The Good – Harvested 2013 Garlic
Garlic as far as the eye can see. I harvested all the garlic from both my own back yard and the farm location where I ran a trial garden over the last year. This year it didn’t grow quite as large as last year, but I still think it was a success. I need to get it a bit more separated for curing, but right now it’s so hot and dry out that it’s drying nicely even in a heap. I’ll hang them from the rafters soon. With a little bit of luck this garlic, replanted, will turn into a for-profit crop in 2014
The Bad – They took my corn!
Last night when I went to bed I had about 30 ears of sweet corn JUST about ready to pick in my 10’x10′ three sisters garden. This morning there were about 7 or 8 little ones left. Something–probably Raccoons–harvested all the rest and removed them while I was sleeping 20 feet away. They knocked down and broke the corn stalks, so now the pole beans have nothing to grow on either. And obviously if they ate here once, they could be back for the cucumbers and melons that are starting to grow on all those vines. This is what we get for no longer letting our cat(s) outside.
But enough bad–More good! I have been eating tomatoes every night all week. This year of trialling new varieties has exposed me to at least 2 more favorites that are doing quite well in my yard. I will definitely add “Church” to my permanent list of tomatoes to grow, and I think “Pink Sweet” will be on there as well. I will review them here within the next week or 3.
My 8 pepper plants seems to be doing better than average this year. I usually don’t get to pick any peppers until August and this year they are already sizing up and producing lots of fruit.
How is your garden growing?
Yes, it was THAT time of year again folks. Jimmy Canned Corn with lots of helpers! We bought 10 dozen ears of the finest organic sweet corn from farmer M. It was picked at 8 a.m., shucked at 9:00 and safely pressure canned before lunch.
Just cut off the kernels with a sharp knife, pack them uncooked into pint or quart jars, top with boiling water or veggie stock, leaving a generous inch of headspace, and pressure can them according to your guidebook.
Do your pressure canning outdoors in the garage because it’s 100 degrees out and the old air conditioner inside can already barely keep up.
Let the jars cool for a day and then wash off the hard water deposits left behind during canning. Don’t store them with the rings on, just the flat part of the lid. The rings need to be washed again right now, and if you leave them on all year, some of the jars will be really hard to open, and some lids might even rust through, unsealing.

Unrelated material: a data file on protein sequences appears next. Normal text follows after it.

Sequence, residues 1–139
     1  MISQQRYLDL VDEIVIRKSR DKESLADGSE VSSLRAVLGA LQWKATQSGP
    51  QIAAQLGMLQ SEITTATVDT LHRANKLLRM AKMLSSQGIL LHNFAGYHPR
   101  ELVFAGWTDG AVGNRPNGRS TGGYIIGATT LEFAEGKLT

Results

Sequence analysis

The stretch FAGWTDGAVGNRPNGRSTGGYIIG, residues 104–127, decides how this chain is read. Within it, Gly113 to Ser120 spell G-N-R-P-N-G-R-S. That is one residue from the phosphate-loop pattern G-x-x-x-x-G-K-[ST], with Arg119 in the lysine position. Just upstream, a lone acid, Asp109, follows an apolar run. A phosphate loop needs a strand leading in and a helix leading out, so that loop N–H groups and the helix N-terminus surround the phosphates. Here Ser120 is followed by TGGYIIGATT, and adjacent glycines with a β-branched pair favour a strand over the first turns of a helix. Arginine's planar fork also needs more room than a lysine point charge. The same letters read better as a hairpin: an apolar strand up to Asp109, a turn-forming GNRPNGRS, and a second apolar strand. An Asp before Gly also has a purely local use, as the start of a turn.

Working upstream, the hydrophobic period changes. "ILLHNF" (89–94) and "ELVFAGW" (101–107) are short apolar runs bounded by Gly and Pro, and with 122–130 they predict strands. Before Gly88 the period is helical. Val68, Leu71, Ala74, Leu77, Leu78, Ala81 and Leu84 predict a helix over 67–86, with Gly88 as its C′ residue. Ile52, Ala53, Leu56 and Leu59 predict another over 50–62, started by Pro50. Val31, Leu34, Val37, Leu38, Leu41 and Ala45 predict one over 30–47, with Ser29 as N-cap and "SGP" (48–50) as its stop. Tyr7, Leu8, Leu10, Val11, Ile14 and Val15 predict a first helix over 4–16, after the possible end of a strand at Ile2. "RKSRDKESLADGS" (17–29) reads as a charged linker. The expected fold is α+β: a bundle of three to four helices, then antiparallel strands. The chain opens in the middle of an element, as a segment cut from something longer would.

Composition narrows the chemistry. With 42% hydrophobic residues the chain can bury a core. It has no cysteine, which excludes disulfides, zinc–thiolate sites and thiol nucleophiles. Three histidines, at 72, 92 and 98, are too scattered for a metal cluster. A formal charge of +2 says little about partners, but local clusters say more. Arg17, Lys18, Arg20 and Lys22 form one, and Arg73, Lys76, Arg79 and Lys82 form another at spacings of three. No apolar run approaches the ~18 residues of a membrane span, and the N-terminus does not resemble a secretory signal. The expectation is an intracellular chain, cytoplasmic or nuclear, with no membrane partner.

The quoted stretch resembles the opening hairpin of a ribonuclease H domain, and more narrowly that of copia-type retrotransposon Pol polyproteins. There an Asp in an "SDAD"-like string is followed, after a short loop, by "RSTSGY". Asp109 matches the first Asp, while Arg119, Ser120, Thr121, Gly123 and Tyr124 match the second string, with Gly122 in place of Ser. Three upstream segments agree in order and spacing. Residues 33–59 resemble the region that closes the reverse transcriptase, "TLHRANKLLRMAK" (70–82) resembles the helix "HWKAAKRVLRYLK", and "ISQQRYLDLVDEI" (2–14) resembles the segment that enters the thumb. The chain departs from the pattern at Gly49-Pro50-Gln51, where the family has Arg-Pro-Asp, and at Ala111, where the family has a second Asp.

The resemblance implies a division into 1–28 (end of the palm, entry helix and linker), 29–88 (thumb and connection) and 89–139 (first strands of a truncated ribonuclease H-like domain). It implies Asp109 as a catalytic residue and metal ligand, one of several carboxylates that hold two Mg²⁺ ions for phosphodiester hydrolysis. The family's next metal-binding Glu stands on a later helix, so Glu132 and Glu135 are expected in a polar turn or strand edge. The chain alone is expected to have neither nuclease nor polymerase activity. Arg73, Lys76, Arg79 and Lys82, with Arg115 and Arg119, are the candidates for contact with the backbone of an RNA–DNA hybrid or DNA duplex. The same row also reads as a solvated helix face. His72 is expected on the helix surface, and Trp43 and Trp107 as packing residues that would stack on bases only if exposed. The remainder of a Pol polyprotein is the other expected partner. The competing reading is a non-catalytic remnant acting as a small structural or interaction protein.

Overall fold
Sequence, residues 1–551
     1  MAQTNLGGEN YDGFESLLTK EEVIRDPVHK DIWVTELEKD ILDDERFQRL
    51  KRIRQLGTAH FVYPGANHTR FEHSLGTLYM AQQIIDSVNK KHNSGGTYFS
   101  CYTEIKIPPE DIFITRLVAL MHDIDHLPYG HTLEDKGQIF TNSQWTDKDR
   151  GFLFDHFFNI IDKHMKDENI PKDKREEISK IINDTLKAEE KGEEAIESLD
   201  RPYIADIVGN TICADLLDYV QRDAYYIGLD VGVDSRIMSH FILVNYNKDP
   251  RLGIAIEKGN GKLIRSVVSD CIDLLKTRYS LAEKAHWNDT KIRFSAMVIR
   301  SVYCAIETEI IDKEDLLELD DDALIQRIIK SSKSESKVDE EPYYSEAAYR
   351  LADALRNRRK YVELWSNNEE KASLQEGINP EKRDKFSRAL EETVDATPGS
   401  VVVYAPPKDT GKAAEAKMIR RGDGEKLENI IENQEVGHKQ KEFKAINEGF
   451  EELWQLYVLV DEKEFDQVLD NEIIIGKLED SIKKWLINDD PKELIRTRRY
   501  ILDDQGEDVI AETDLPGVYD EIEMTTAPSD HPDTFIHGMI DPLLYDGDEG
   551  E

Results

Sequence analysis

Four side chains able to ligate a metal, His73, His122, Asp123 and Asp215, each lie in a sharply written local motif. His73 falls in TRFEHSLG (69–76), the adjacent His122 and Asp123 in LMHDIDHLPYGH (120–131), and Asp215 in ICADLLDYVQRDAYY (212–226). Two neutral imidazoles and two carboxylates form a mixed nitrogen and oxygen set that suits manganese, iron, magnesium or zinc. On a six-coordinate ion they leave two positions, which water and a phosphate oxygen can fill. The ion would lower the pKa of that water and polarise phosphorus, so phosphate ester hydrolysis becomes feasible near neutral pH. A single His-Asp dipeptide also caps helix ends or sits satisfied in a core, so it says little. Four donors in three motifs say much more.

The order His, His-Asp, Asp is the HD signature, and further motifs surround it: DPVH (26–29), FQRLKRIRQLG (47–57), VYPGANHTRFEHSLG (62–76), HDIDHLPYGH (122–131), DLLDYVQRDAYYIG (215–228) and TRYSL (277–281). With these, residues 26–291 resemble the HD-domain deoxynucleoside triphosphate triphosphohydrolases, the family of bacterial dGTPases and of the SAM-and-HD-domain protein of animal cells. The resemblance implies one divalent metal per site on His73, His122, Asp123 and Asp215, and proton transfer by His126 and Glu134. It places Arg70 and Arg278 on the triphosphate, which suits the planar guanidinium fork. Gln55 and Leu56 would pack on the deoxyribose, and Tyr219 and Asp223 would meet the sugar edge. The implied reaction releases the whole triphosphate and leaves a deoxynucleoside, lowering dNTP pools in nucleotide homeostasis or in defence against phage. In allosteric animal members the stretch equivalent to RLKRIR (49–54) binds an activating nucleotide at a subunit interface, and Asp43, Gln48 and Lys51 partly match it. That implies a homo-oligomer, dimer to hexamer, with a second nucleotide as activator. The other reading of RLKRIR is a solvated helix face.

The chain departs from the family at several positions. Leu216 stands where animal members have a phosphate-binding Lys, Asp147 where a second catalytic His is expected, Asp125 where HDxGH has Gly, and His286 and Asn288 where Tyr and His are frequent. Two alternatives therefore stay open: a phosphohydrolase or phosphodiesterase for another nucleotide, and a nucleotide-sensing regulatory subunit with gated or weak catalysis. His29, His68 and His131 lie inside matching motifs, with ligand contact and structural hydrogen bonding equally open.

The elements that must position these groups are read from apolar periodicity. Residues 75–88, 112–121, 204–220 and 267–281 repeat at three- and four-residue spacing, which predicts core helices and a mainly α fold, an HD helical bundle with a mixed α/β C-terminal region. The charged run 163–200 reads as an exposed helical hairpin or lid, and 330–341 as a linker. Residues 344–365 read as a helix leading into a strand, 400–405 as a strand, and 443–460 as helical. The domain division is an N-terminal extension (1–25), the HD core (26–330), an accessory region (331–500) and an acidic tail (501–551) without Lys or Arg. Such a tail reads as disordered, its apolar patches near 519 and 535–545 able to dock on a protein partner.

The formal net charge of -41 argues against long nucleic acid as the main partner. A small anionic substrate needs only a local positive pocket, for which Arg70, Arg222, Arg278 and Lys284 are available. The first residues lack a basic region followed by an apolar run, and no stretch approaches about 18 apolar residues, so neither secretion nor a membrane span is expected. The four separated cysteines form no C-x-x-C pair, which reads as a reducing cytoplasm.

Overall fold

Another use for leftover sweet corn cobs is as a sweetener for vegetable stock. Using a recipe I found online, I mixed a pot full of sweet corn cobs with onion, thyme, pepper, carrots, garlic, celery and etc. These were boiled and then simmered for about two hours.
I made two big stock pots of this stuff and ended up able to pressure can over 2 gallons for future use.
As I mentioned in my last post, I canned sweet corn this week. I have done this for the last 2 years as well, and I always hated composting well over half the weight of the corn that I had bought. I just didn’t really know what to do with all those cobs.
They really don’t look that appetizing, right? But if you were to chew on one of these a bit, you would taste that there was actually a lot of flavor left behind.
I found a recipe for Corn Cob Jelly online. The first ingredient was Corn Cob Juice. I was told to cut about a dozen cobs into neat sections and boil them in about 2 quarts of water for 35-40 minutes.
I let the cobs simmer and kept tasting the water. Indeed, it was getting rather sweet!
At the end of the first cooking time I strained my Corn Cob Juice through cheesecloth. The result was this beautiful liquid shown above. The recipe called for 3 cups of juice, and I ended up with more than I needed. The taste of this juice will vary depending on what variety of corn you use, and how fresh the corn was, but this was just seriously delicious.
I mixed the juice together with powdered pectin and an equal amount of sugar and boiled it into jelly that was fit to can.
The result was 4 lovely half-pints and another few ounces that went straight into the refrigerator to try the next morning.
Several hours later I had Sweet Corn Jelly on my breakfast toast with butter and it was very tasty! I love trying new recipes, but much more so when the result is pleasing. This was a definite success.
Apparently a delicious veggie stock can be made from the sweet corn cobs left over after canning fresh sweet corn. I’m a bit sad that I didn’t know this much sooner. Now I just need to remember for next year.
I haven’t shown you my community garden plot because I never remember to bring the camera. So here are some blurry cell phone pictures.
Community Garden Plot 10 x 30 feet
At the front right corner is an improvised trellis trying to support 9 tomato plants and already sagging in the middle.
The rest of the space contains alternating hills of either corn and pole beans together, or a vining plant such as a squash, cucumber or watermelon. This is my three sisters garden. It’s a very fun experiment and I think it’s going to work out.